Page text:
Son of the South (2021) MOVIE REVIEW | CRPWrites


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Movie Review


Kevin Lau
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 Published: 02.17.21

       MPAA: PG13

Genre: Biography. Drama.

SON OF THE SOUTH tries its darndest to be respectful

     RELEASE: 02.05.21

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Hey, I know what the trailer looks like, but I swear this is not a white savior film. Is it still problematic due to its title? Yes. Is it a good film? Well, you’ll just have to keep reading to find out.


I guess you can just look at the rating at the bottom too...


Directed by Barry Alexander Brown, Son of the South is a coming of age drama that, though visually engaging, isn’t really cohesive in its direction. Poor editing aside, there’s a lack of focus on what the dramatic conflict actually is for our protagonist Bob Zellner (based on a true story, by the way). There are a couple scenes that are very clear and fantastic as they introduce a thread, but leaves the thread at dramatic impasses without putting effort to tie any of them up except for perhaps the least interesting subplot. I know what I’m saying boils more down to writing than direction, but Brown is also the only credited writer of the film, so it goes hand-in-hand at this point.

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Set in the 1960s, Son of the South follows Bob Zellner, a grandson of a Klansman, wanting to become an activist in the Civil Rights Movement. Which, looking past the idea of if this is a film we really need right now in 2021, sets up an interesting dilemma of someone from a racist family learning to overcome the prejudices he was raised to believe. In fact, even though it is barely used at all, this is the strongest and most vocal element in the film with actual Klansman phrases that I still hear from time to time today just from random people on the street.


BUT this is a small portion of the film. The main focus is Bob trying to find his role in the Civil Rights Movement as a white man (yeesh, that sounds bad now that I type it, but hear me out). Bob must learn that this isn’t necessarily his fight, but he can still help with the smaller stuff. He’s not a savior for the cause. However, he will be seen as a traitor by his family and others he has grown up with.

And the plot “works” for the most part, though there is a romance that feels forced, and the story itself doesn’t take enough bold steps to be an effective drama outside of a couple scenes. There isn’t any real motivation behind a lot of actions, and the climax feels very muted as it chooses to focus on a weak subplot that gets an off-screen resolution.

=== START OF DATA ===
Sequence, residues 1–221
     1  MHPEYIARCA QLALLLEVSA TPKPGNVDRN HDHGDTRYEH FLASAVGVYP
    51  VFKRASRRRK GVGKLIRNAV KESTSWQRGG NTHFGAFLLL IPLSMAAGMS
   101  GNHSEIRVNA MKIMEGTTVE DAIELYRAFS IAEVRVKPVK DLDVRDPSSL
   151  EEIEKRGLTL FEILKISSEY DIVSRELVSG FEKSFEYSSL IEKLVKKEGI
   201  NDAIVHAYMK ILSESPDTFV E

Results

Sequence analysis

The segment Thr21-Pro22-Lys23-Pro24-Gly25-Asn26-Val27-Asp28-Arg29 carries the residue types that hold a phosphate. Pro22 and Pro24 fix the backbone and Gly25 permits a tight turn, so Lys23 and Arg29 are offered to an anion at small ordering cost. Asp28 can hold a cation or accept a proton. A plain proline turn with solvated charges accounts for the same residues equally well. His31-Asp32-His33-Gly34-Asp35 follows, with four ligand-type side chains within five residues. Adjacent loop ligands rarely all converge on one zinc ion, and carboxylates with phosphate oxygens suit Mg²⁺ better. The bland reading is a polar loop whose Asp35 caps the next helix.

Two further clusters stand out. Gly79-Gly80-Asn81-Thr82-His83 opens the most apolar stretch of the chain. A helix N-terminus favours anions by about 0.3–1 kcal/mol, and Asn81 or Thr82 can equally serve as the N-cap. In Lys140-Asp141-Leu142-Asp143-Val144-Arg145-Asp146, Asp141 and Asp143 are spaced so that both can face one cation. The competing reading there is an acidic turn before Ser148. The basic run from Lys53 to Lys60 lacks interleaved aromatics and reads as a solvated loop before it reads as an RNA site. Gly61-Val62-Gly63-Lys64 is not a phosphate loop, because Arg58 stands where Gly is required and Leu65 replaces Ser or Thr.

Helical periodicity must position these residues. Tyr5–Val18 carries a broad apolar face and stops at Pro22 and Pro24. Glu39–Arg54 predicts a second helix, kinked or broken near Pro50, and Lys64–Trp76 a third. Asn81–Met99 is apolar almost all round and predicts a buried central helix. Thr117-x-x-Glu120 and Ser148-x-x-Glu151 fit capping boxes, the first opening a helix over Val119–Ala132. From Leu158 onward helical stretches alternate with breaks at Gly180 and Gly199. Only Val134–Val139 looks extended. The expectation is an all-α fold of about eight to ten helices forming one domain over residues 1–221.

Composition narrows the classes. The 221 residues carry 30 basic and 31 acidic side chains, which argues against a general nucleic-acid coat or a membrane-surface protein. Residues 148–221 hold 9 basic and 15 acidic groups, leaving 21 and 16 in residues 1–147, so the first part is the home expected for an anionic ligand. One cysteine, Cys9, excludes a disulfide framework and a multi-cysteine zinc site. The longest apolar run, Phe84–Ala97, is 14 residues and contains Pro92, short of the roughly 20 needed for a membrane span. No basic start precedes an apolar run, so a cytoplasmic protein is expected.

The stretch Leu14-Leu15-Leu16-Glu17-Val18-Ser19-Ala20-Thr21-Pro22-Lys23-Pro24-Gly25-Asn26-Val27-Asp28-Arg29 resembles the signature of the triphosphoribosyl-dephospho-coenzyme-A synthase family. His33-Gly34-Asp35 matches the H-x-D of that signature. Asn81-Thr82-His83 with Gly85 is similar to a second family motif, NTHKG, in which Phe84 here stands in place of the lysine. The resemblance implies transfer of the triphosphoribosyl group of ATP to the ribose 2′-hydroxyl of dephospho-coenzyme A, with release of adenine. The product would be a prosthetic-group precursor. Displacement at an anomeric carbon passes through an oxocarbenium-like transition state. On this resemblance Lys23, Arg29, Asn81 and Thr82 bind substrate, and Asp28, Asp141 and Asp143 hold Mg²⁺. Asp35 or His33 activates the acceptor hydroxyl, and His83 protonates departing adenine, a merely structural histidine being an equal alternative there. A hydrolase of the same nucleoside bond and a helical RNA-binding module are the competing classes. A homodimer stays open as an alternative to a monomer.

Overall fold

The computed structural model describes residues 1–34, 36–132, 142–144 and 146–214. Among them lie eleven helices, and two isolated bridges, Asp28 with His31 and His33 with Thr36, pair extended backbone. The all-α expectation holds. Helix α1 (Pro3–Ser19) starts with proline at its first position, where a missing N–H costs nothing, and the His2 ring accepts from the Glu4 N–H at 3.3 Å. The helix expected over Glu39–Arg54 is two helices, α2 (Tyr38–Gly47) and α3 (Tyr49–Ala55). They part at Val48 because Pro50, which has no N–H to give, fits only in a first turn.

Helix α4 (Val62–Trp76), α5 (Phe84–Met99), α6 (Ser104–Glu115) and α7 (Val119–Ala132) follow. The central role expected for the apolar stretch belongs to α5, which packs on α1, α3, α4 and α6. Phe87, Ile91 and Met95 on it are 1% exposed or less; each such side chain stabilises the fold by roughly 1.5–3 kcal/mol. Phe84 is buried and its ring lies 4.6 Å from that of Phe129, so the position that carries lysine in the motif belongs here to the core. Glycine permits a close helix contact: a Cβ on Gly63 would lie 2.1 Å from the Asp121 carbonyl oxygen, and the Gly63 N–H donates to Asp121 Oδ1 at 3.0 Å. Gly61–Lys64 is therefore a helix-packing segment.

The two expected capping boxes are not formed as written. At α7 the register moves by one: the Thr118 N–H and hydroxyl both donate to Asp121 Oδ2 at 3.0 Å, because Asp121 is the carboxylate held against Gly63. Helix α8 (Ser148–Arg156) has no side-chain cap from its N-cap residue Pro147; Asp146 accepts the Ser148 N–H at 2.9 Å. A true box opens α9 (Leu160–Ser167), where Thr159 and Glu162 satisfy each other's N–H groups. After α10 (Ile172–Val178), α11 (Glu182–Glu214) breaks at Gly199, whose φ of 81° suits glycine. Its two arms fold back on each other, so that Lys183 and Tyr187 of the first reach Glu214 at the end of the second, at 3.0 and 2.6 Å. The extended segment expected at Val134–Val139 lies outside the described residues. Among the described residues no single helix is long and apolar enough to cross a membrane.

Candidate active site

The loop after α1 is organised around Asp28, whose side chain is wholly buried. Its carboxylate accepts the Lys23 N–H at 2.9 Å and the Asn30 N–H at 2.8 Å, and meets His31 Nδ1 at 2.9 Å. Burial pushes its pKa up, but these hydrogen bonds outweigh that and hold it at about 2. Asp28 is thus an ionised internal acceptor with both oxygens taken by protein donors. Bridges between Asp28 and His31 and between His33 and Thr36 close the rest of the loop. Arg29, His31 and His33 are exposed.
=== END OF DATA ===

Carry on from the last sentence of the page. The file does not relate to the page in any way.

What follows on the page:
No one really stands out in the film in terms of performance, but Lucas Till shows that he’s capable of leading a drama despite his comedy past. The mediocre writing and direction doesn’t provide characters for the story, but instead roles. Everyone is pretty much one note, one emotion unless the story requires them to change, and I consider this more of a directing issue than an acting issue.

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The little visual effects used in the film look corny, and the sloppy editing only makes it worse as it calls attention to them. Now, when it comes to the wardrobe, hair, and set design, everything looks period accurate, but I noticed a few props I’ve seen in my modern day life, including a lamp I own that shows up multiple times in the film.


This may not be a big deal to most viewers, but if you’re looking to study set design, this is a good way to see what it looks like when you try to pass modern day props for the 1960s.

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Though the score doesn’t stick out, it gets the job done setting the emotion of the scene. The sound design itself is pretty fantastic, with great sound mixing for the dialogue and the ambience of the south playing out in the quieter moments. Easily the best element of the film, it’s so organic to the point you may overlook it.


To its credit, Son of the South tries its darndest to be respectful of the Civil Rights Movement and tries to show, from a white perspective, that the fight for equal rights isn’t over; racism is still prevalent in our society. Maybe, since it’s a film with a white lead, it may show some people the errors of their ways, and that’s the best I can hope this film will accomplish.

However, what’s really troubling is how the title, accurate as it may be, seems to be a play on the problematic 1946 Disney film Song of the South, which not only contains problematic representation of the Black race but also perpetuates a glorified view of slavery. I cannot condemn or defend Son of the South’s choice of title, but essentially “whitewashing” a title known for featuring Black actors may not have been the best move.






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